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NJBIA and the New Jersey Salon and Spa Alliance are asking the Legislature to support several proposals that would help the industry overcome the workforce and operational challenges it has faced during the COVID-19 pandemic so these embattled businesses can regain their financial footing in 2022.

NJBIA Director of Government Affairs Alexis Bailey said Tuesday salons and spas sustained major economic losses during the prolonged government-ordered shutdown early in the pandemic and they have remained stymied by state regulatory hurdles and an ongoing labor shortage.

In a letter to legislative leaders this week, Bailey outlined four proposals to address the industry’s workforce challenges: license reciprocity with neighboring states, temporary teaching permits for applicants awaiting their state examination, a work study program for cosmetology and hairstyling students, and a tax credit for salons and spas that provide hiring bonuses to attract new employees.

Bailey said that allowing license reciprocity would permit experienced industry professionals from neighboring states to work in New Jersey and expand the pool of potential employees. “There are many talented and experienced professionals that could fill the workforce gaps currently facing the industry, but they are barred from doing so without going through a lengthy state licensure process,” Bailey said.

Legislation has already been introduced (A-488/S-1137) to allow the State Board of Cosmetology and Hairstyling to issue temporary teaching permits, valid for 120 days, to applicants seeking teacher licenses while waiting for their state examinations to be scheduled. Bailey said this legislation, if passed, would help fill the existing teaching vacancies in cosmetology school programs.

A work-study program for cosmetology and hairstyling students would greatly benefit New Jersey salons and spas and foster an effective talent pipeline for the industry, Bailey said. “Many other states have apprenticeship or internship programs as a required or optional component of their licensure coursework,” Bailey said. “By allowing cosmetology and hairstyling students to participate in a similar work study program, the state can elevate training opportunities in the industry.”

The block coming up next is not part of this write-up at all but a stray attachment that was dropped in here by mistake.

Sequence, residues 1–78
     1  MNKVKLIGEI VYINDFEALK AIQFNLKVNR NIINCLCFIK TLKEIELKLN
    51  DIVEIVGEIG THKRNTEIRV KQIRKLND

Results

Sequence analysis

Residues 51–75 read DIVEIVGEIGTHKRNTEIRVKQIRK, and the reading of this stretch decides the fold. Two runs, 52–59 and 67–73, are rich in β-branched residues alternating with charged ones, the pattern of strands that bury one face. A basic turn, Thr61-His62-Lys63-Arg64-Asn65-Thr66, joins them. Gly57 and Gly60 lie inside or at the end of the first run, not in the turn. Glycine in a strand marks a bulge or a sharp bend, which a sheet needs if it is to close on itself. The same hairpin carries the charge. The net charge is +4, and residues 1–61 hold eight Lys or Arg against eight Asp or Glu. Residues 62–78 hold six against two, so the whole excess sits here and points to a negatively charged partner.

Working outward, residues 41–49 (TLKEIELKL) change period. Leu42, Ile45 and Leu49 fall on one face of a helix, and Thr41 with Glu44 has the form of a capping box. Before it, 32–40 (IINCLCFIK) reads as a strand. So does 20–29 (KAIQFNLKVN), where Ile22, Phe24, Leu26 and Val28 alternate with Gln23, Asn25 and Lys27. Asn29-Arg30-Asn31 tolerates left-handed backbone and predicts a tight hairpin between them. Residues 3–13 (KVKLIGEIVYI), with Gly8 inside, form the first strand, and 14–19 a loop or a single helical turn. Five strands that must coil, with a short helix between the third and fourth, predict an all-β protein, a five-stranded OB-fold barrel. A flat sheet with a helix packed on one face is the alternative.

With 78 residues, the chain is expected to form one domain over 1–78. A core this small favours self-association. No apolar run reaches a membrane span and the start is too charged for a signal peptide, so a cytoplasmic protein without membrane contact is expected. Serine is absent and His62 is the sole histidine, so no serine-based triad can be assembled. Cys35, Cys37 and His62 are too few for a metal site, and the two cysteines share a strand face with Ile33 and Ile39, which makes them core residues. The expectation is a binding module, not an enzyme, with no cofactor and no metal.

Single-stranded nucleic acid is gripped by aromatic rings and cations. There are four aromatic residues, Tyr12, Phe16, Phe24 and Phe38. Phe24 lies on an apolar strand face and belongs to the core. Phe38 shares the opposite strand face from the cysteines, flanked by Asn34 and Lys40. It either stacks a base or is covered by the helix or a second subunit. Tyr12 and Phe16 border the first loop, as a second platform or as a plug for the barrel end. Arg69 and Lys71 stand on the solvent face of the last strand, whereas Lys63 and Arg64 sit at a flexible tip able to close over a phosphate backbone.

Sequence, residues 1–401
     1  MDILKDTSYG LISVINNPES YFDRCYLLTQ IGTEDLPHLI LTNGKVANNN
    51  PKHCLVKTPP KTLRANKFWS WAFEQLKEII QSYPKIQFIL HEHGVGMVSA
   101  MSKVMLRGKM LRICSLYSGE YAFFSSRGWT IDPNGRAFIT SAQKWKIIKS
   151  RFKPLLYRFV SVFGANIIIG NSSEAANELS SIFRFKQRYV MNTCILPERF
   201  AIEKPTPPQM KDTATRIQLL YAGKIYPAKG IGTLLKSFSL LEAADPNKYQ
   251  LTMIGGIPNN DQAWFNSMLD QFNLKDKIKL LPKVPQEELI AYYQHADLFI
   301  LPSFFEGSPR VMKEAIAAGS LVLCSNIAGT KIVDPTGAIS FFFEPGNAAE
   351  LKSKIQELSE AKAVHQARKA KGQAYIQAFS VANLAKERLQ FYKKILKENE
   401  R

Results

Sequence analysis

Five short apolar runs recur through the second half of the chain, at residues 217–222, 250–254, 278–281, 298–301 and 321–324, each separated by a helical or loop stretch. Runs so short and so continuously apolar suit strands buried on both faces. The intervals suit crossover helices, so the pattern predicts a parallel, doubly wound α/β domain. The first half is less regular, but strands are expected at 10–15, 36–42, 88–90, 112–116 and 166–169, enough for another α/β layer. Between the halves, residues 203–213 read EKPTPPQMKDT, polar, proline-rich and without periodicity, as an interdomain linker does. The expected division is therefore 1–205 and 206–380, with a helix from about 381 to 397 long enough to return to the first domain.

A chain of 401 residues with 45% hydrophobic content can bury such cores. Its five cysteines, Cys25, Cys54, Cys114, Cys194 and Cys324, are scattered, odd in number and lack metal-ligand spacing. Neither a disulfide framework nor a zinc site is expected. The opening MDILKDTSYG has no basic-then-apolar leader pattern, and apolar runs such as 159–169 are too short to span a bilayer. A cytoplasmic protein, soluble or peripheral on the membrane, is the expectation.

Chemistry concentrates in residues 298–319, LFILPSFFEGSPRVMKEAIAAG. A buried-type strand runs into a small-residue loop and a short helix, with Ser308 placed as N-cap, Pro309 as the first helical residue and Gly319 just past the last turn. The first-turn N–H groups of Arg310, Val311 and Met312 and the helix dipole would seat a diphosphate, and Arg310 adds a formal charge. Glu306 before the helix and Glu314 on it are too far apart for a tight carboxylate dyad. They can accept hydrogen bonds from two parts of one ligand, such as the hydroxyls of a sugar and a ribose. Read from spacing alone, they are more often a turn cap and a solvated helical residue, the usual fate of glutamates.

A tax credit for salons, spas and cosmetology schools that provide hiring bonuses to new staff will help an industry that is struggling to attract and retain talent, Bailey said. “Tax credits will give these small businesses that may still be struggling financially a mechanism to strengthen their business and the state’s overall economy,” Bailey said.

NJBIA and the New Jersey Salon and Spa Alliance have also asked the State Division of Consumer Affairs for several regulatory solutions to help the salon and spa industry. Suggestions contained in a letter to the division this week included the expeditious development of regulations for mobile salons. This new law, supported by NJBIA and NJSSA, is scheduled to take effect in November and will for the first time allow mobile salons that come to customers, opening a new avenue of business operations for salons.

NJBIA has worked diligently to address concerns of the industry through the creation of the New Jersey Salon and Spa Alliance with industry professionals Christine Modica, James Alba and Jyoti Wadhia at the onset of the pandemic. NJBIA and NJSSA look forward to continuing working together to promote this proactive agenda in the new legislative session.